Tui Allen (tuibird) | 393 comments From over here in NZ where we just don't have that kind of literary history surrounding us, that seems amazing to me. How could you not be a writer after starting your life that way.


message 17: by Lastwolf (new)

Lastwolf | 93 comments But, Tui, I'm no poet as Lord Alfred was. Check out my recent efforts in my profile writing... nothing remained in the font water to anoint me with even the ghost of Tennyson's skills.


message 18: by Tui (last edited Jun 13, 2013 04:29PM) (new)

Tui Allen (tuibird) | 393 comments I disagree and the Alzheimer's poem proves it. So heartfelt. I feel for you. It is the saddest thing.


message 19: by Lastwolf (new)

Lastwolf | 93 comments I've already lost my sister-in-law, my god father and my best male friend to this disease now it's taking my best friend.
I hate it so much I can't even spell it's name correctly let alone describe what it's done to me.
Watching the decline of my friend after all the others makes it's destruction very, VERY personal.... hence I say we both have it.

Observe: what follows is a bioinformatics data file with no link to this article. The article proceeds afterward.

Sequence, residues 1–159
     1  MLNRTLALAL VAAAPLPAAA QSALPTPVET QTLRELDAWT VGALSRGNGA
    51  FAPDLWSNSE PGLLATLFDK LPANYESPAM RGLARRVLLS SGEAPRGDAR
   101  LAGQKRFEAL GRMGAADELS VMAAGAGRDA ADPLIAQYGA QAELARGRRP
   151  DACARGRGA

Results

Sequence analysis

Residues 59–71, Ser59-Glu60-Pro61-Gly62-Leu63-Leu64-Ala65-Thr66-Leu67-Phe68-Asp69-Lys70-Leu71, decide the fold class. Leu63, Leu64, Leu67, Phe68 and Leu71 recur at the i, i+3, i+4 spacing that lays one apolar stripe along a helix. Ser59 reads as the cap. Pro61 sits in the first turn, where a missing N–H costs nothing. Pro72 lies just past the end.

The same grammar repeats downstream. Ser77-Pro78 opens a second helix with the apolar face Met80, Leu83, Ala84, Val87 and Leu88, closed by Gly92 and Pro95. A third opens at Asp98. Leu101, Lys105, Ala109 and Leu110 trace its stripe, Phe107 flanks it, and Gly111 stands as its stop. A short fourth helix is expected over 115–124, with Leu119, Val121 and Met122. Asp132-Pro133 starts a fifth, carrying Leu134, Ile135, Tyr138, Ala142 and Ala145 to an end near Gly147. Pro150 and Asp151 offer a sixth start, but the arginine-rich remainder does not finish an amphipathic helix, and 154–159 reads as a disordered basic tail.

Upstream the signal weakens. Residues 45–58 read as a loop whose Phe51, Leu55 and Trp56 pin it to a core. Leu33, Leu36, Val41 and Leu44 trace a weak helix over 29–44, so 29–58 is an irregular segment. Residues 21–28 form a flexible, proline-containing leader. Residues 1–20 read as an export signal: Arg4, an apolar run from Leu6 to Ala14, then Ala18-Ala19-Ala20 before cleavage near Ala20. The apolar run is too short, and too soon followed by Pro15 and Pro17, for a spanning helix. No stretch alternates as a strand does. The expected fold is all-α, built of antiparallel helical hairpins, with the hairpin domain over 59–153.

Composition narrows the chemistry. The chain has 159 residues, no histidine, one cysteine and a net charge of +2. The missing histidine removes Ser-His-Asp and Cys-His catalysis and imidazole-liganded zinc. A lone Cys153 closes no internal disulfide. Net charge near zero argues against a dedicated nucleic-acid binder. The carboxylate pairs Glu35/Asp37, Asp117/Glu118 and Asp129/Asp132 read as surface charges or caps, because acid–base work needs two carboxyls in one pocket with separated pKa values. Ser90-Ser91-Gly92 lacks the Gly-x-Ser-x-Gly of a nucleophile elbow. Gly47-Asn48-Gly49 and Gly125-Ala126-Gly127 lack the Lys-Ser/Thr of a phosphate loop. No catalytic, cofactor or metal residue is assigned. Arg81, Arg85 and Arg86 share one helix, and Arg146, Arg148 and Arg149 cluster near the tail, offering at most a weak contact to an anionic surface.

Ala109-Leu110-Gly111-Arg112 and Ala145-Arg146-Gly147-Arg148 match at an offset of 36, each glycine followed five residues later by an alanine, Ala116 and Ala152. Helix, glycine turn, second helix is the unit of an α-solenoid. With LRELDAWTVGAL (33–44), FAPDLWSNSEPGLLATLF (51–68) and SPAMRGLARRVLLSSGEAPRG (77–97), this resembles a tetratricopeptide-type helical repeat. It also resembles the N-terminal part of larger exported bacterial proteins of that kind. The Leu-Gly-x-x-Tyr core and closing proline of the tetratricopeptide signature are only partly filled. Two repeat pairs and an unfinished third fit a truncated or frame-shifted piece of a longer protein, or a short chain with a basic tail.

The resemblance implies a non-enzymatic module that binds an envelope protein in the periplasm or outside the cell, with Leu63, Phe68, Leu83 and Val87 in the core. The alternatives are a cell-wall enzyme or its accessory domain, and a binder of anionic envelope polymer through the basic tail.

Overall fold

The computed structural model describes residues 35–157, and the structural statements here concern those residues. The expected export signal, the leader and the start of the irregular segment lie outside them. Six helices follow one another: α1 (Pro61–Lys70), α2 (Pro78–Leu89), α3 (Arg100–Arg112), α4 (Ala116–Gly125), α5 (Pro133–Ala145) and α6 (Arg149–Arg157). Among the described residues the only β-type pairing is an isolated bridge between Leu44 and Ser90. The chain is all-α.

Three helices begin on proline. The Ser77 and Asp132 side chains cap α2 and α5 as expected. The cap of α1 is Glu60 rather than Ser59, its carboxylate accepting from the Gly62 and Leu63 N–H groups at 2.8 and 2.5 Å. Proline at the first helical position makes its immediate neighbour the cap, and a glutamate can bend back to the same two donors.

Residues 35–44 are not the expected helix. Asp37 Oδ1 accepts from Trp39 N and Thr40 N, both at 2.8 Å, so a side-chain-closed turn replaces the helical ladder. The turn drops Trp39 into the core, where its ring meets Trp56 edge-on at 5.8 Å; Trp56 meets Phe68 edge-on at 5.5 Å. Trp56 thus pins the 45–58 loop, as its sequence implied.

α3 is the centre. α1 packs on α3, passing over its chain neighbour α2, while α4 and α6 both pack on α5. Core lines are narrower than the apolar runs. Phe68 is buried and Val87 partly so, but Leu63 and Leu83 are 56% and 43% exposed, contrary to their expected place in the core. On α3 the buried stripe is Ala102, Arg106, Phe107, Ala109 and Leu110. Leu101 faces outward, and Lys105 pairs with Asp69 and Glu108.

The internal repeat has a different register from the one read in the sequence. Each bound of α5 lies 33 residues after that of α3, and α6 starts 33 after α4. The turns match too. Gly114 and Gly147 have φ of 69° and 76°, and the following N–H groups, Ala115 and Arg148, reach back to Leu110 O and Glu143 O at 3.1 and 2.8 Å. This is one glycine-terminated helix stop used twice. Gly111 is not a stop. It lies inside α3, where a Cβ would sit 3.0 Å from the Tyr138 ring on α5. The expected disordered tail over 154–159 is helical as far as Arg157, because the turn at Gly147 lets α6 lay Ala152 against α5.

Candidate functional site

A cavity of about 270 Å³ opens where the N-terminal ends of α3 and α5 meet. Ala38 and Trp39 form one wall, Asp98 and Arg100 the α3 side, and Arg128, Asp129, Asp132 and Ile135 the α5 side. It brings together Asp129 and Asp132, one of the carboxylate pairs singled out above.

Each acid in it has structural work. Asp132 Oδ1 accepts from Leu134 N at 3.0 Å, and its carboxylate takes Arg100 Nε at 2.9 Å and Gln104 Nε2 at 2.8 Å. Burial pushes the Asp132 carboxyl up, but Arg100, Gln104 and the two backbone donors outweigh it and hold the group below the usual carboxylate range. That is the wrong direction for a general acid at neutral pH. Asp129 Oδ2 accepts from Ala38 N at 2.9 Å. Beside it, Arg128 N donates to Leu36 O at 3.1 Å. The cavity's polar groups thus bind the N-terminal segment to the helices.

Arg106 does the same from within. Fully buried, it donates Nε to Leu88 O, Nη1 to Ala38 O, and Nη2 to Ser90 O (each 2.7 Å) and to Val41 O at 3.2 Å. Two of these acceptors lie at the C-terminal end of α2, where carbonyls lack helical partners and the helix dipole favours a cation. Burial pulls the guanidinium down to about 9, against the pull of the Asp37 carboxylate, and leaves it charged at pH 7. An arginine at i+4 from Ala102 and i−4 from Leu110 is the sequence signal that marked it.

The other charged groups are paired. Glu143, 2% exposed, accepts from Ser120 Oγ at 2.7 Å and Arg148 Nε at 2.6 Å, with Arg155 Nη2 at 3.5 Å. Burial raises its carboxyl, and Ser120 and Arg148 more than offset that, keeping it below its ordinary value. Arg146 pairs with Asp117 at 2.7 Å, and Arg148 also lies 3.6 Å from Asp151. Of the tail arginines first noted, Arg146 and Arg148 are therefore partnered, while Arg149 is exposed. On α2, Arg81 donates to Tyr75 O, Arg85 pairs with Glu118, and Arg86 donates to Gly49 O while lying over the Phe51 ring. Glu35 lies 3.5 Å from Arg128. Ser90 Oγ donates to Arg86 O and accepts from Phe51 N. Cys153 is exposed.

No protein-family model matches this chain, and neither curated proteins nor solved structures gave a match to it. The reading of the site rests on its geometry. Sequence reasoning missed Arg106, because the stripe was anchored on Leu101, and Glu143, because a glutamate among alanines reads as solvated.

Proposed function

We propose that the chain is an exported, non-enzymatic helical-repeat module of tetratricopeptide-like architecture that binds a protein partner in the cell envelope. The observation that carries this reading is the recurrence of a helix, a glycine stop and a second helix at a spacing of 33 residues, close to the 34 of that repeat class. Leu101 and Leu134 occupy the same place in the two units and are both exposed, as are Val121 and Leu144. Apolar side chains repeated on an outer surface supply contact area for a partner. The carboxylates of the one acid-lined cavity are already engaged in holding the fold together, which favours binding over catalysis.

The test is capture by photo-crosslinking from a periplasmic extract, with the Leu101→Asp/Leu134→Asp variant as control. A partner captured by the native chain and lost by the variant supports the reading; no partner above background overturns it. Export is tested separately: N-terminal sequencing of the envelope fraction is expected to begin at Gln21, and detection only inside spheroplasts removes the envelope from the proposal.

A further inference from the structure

message 20: by Tui (new)

Tui Allen (tuibird) | 393 comments I worked out from the poem that you were not afflicted personally but were sharing her load emotionally.


message 21: by Lastwolf (new)

Lastwolf | 93 comments Tui... that's right. She was diagnosed last year and given 2 - 3 years. She cannot use any drugs to help slow the progress of the disease as they apparently slow the heart and she already as a slow heart rate.

This thread makes me think of her and the days we spent working together on the farm in the 1970's. We would lie watching the kestrels hover as we ate our lunch. She was enchanted by them and I remember how happy she was when I told her the old name for the kestrel is the windhover.
The Alzheimers is as much mine as hers... or so it feels.


message 22: by Tui (new)

Tui Allen (tuibird) | 393 comments Windhover - what a beautiful name for them. Also a good name for a story. I can almost imagine you writing a story for her and including the windhover.


message 23: by Lastwolf (new)